Harry S. Truman was born in 1884, in Lamar, Missouri. In 1901, he graduated from Independence (Missouri) High School, marking the end of his formal education.
After graduation, Truman worked a series of jobs in the Kansas City area, including as a clerk for the National Bank of Commerce and Union National Bank, before enlisting in the Missouri National Guard. After 1906, Truman worked on the family farm in Grandview, Missouri, with his parents and brother, and when he left the National Guard in 1911, he continued to work in the Grandview area as a road overseer and postmaster. Truman reenlisted in the National Guard in 1917 and served briefly in World War I.
Following the war, Truman returned to Missouri and married childhood friend Bess Wallace. From 1919 to 1922, he ran a men’s clothing store in Kansas City, which failed in the postwar recession. He then turned to local politics in Jackson County, Mo., where he served as a presiding administrative judge from 1926 to 1934. At the end of his second term as a judge, Truman was elected to a Missouri seat in the US Senate as a Democrat.
On July 21, 1944, Truman was nominated as Franklin D. Roosevelt’s running mate and was elected to the vice presidency on November 7. Six months later, Roosevelt’s death thrust Truman into the White House.
As he oversaw the end of World War II, Truman faced new domestic challenges as the nation’s economy transitioned from wartime to peacetime. Returning veterans faced high unemployment rates, and inflation skyrocketed as price controls on some goods were removed. Concerns over the economy led to the Full Employment Act of 1946, which created the Council of Economic Advisers and the congressional Joint Economic Committee.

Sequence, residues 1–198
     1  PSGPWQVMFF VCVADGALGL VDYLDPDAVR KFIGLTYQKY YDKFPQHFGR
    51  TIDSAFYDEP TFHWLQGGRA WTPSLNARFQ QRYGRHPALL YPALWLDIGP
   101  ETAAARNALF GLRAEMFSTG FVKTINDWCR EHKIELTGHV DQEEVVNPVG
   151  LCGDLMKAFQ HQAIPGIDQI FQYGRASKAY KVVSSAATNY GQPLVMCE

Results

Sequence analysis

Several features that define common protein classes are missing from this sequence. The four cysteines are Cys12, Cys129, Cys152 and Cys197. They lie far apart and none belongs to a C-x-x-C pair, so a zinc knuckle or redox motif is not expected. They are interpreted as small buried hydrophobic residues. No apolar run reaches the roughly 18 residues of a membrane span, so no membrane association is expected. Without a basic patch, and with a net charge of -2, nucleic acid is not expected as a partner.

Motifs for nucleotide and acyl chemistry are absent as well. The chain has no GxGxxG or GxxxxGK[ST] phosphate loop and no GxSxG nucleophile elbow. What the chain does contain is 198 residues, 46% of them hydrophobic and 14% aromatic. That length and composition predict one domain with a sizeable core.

With the outbreak of war in Korea in 1950 and a new need to issue more debt to finance the US entry into the war, the Truman administration pushed the Federal Reserve to leave interest rates at a low level, even as the Fed sought to raise rates in order to attack soaring inflation.
In an attempt to reconcile their differences, Truman, Treasury Secretary John Snyder, and members of the Federal Open Market Committee held a series of meetings. To this day, a Jan. 31, 1951, meeting between Truman and the FOMC remains the only time the entire committee was summoned to the White House. In spite of the talks, the conflict soon spilled over into Congress and into the press. Eventually, the matter was settled with the Treasury-Fed Accord in March 1951, a milestone event in the Federal Reserve’s independence.
Truman's administration ended on Jan. 20, 1953. After attending Eisenhower's inauguration, he left Washington by train and headed back to Missouri. He would lease office space at the Kansas City Fed’s downtown headquarters, where he wrote his memoirs and awaited the completion of his presidential library in Independence, Mo. He died in 1972 at the age of eighty-eight.
Written by the Federal Reserve Bank of Kansas City. See disclaimer.